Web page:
Many U.S. companies are violating the “safe harbor” agreement on protection of personal data and the US Department of Commerce (DoC) and Federal Trade Commsion (FTC) should do something about it, the European Commission said this week.
In July 2000, the U.S. Department of Commerce and the European Commission developed and signed a “safe harbor” framework of data protection principles (“Safe Harbor”). This safe harbor is designed to provide U.S. organizations with a means to satisfy the European Union’s legal requirement that adequate data protections be afforded to personally-identifiable information transferred from the European Union to the United States.
The Commission calls of both the DoC and FTC to be more proactive in scrutinizing US organisations that self-certify to the Principles, to ensure that those companies doing so are actually complying with the safe habor principles. If they are not the FTC should launch investigations where questions exist regarding possible Safe Harbour compliance problems.
The Commission also questioned the effectiveness of some of the alternative recourse mechanisms which “still fail to comply with applicable Safe Harbour requirements, including the obligation to provide for sanctions such as the publication of findings of non compliance”; and question whether the FTC is competent to enforce the Principles given that up to 30 percent of the companies that subscribe to the Safe Harbour Principles do so to import human resources data. The Commission “believes clear guidance needs to be given as to whether the FTC is competent to enforce the Principles in this area”.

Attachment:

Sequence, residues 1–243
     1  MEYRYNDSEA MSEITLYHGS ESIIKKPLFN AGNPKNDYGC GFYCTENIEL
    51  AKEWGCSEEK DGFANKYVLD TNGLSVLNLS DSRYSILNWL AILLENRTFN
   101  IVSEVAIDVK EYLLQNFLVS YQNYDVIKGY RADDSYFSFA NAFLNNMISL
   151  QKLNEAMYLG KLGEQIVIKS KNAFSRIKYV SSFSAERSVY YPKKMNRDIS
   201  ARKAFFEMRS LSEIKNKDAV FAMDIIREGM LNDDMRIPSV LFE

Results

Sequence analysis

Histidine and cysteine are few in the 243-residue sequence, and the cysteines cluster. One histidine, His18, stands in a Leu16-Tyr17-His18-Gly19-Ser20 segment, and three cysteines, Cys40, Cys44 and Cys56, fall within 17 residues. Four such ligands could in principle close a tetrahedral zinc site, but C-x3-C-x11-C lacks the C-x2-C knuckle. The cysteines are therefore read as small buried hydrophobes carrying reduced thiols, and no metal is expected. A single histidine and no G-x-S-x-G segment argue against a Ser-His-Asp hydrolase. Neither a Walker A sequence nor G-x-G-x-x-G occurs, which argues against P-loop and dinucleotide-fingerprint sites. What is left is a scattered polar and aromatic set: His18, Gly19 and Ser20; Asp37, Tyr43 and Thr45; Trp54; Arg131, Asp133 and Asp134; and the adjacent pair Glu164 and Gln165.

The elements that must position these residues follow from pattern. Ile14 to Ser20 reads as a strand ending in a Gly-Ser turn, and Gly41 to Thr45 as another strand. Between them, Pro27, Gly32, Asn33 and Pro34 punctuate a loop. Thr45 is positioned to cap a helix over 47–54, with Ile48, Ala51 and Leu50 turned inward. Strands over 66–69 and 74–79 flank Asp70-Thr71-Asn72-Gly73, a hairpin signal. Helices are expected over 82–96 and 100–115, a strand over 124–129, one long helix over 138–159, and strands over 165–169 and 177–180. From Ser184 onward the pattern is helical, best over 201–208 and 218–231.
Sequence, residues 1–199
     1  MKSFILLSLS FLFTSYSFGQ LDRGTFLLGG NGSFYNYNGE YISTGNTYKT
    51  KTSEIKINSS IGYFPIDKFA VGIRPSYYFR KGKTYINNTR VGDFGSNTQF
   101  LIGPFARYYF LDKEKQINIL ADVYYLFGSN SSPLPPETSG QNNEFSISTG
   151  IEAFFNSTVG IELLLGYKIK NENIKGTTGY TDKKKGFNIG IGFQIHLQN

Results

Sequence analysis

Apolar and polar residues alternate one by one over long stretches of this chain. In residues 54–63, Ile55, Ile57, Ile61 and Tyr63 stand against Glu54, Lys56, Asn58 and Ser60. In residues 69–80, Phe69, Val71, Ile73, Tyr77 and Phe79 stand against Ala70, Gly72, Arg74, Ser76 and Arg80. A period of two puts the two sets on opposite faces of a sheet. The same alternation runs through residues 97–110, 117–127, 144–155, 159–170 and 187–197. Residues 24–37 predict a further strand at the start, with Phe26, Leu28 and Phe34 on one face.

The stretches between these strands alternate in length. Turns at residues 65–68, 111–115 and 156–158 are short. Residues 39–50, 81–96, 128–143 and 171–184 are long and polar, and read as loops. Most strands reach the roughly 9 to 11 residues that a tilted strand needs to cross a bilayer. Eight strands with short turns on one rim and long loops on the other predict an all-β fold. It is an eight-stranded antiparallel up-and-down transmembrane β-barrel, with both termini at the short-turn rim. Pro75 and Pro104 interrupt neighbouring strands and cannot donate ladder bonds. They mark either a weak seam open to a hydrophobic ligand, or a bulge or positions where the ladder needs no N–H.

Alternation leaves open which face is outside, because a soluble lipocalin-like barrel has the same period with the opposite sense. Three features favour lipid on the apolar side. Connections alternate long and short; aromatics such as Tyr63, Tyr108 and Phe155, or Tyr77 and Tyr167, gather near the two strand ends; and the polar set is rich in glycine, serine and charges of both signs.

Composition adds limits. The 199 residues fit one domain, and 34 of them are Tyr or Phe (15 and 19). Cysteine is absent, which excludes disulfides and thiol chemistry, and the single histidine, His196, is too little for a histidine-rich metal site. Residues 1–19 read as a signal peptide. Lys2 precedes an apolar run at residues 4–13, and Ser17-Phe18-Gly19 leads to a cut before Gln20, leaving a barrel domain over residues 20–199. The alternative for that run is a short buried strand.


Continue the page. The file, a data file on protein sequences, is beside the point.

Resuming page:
On Thursday, 18 November, the U.S. Department of Commerce, will hold a workshop on EU data protection compliance issues and the U.S.-EU Safe Harbor framework in Chicago.
I can not say I am surprised that the US are not complying properly. It does fill me with even more confidence that the deal for sending PNR information is obviously not going to have any problems …